North Carolina (8-3, 4-3 ACC) won its fourth-consecutive game on Saturday, marking the first time the program has delivered that long of a streak since winning five straight in 2001.
The Tar Heels ended Boston College’s chances for a third-straight ACC Championship Game early, scoring three touchdowns in a span of 2 minutes, 19 seconds midway through the first quarter to build a 21-0 lead.
Defensive tackle Cam Thomas returned a Dave Skinskie fumble 20 yards for a touchdown and cornerback Kendric Burney promptly added a 29-yard interception return for touchdown, giving the red-shirt junior his fifth pick of the year and a school-record third interception return for touchdown.
Free safety Deunta Williams failed to score on his 21st birthday, settling instead for three interceptions in North Carolina’s most dominating defensive performance of the season. Melvin Williams added a pick of his own after UNC built a 28-13 lead late in the fourth quarter.
But as well as the Tar Heel defense played, the offense executed just as poorly. T.J. Yates (23-of-34, 182 yards) threw three interceptions to boost his season total to 13, including one in the end zone as North Carolina was hoping to build on its 21-13 lead in the third quarter.
Boston College’s Montel Harris ran for 132 yards on 23 carries, and Shinskie (12-of-28, 101 yards, 4 INT) threw his lone touchdown pass to Rich Gunnell from two yards out as the Eagles cut UNC’s lead to 21-13 just before the half.
Ryan Houston (18 rushes, 45 yards) added two one-yard touchdown runs for North Carolina.
The Tar Heels totaled 278 offensive yards while holding Boston College to 198 total yards. UNC also won the frenetic turnover battles, 6-4.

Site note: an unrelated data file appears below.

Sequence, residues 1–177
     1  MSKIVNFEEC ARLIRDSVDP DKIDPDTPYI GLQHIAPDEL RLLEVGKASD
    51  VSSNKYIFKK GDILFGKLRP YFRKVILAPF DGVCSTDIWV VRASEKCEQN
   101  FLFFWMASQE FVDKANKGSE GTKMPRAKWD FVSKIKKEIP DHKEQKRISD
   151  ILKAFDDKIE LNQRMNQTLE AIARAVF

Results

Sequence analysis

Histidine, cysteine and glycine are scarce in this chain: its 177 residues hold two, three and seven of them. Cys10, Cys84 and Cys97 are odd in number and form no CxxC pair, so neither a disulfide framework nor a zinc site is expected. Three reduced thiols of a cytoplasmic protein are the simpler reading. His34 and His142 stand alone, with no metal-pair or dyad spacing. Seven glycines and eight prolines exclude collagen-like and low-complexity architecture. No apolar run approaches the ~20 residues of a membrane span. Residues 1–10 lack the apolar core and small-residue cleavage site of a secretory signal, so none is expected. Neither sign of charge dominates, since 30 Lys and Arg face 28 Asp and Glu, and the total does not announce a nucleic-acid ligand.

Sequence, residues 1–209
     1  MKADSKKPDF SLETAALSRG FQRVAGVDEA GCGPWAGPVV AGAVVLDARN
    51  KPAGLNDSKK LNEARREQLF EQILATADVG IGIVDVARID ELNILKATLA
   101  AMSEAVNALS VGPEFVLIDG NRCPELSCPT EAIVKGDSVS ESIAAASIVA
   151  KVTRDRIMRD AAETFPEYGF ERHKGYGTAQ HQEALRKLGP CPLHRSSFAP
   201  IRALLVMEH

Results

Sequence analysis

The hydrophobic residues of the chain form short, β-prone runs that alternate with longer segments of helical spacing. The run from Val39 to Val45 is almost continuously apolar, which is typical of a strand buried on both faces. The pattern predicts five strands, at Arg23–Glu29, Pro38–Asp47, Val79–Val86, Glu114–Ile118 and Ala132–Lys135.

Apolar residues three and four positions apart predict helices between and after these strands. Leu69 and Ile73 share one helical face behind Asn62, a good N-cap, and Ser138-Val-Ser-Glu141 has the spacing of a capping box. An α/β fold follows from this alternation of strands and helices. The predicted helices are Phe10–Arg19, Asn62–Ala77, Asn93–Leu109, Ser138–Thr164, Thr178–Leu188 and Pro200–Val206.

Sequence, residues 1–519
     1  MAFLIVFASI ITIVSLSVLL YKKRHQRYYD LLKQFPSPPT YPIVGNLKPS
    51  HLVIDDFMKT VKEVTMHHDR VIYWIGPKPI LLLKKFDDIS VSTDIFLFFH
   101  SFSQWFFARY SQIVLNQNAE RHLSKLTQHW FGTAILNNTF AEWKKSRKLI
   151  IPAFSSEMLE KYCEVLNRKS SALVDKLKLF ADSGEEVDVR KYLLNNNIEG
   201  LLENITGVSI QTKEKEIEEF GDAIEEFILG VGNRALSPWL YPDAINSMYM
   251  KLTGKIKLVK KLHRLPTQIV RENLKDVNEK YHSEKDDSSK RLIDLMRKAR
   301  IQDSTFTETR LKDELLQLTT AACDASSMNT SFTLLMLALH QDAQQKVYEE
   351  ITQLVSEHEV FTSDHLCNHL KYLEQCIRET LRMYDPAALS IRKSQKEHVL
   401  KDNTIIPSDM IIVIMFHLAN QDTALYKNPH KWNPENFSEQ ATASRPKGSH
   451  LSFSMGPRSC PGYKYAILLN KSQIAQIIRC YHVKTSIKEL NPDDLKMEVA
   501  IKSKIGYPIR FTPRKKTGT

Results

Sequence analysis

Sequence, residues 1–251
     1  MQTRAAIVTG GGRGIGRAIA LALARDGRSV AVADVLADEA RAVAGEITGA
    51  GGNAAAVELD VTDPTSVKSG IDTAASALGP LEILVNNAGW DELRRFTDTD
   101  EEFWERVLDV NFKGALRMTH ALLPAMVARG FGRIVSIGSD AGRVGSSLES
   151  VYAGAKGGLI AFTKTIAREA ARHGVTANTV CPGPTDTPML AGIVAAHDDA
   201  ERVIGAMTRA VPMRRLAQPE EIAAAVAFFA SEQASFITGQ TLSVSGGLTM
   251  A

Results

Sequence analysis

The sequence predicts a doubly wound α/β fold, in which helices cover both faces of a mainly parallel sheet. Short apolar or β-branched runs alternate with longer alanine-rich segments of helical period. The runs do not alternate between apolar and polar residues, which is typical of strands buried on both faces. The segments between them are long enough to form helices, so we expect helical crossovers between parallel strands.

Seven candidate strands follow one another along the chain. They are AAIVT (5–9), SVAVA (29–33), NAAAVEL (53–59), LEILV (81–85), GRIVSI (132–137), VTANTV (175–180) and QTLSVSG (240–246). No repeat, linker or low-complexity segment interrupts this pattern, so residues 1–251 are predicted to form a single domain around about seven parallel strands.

INSIDE THE GAME
More Questions at Quarterback
The offensive game plan appeared to be simple once North Carolina darted out to a 21-0 lead on Saturday – make some first downs, chew up the clock, kick a field goal or two and fly back to Chapel Hill with an 8-3 record.
But that didn’t happen. Instead of capitalizing on the defense’s momentum, as well as their own 11-play, 70-yard game-opening touchdown drive, the Tar Heels did everything they could to let Boston College back in.
Yates was at the root of the problem, making several bad throwing decisions instead of simply throwing the ball away. With a 21-0 lead, the best pass next to a completion is one that lands in the third row.
“It was an ugly game for quarterbacks out there, I’ll tell you that,” Yates said. “The interceptions are just uncalled for. It’s just me making poor decisions. That one in the end zone was just a really poor decision by me. The one that got tipped up – he made a great play on the ball. He just made a great play. And then the other one was on 4th-and-11 and I was just trying to make a play. I knew it was going to be a turnover on downs either way. I just thought I would give it a chance.”
In what should have been a massive blowout on national television turned into UNC’s defense having to drag its offensive counterparts through Boston kicking and screaming across the finish line.
“We’re not really holding up our end of the bargain on offense,” Yates said. “If that defense had half of the day that they did today, we might have had a lot closer game than it was.”
While Yates is in no jeopardy of losing his starting position this season with only two games left to play, it’s evident that spring practice will receive plenty of attention with true freshman Bryn Renner currently sitting at No. 2 on the depth chart.
It’s never a good thing when a head coach elects to defend his quarterback before even being asked about his performance.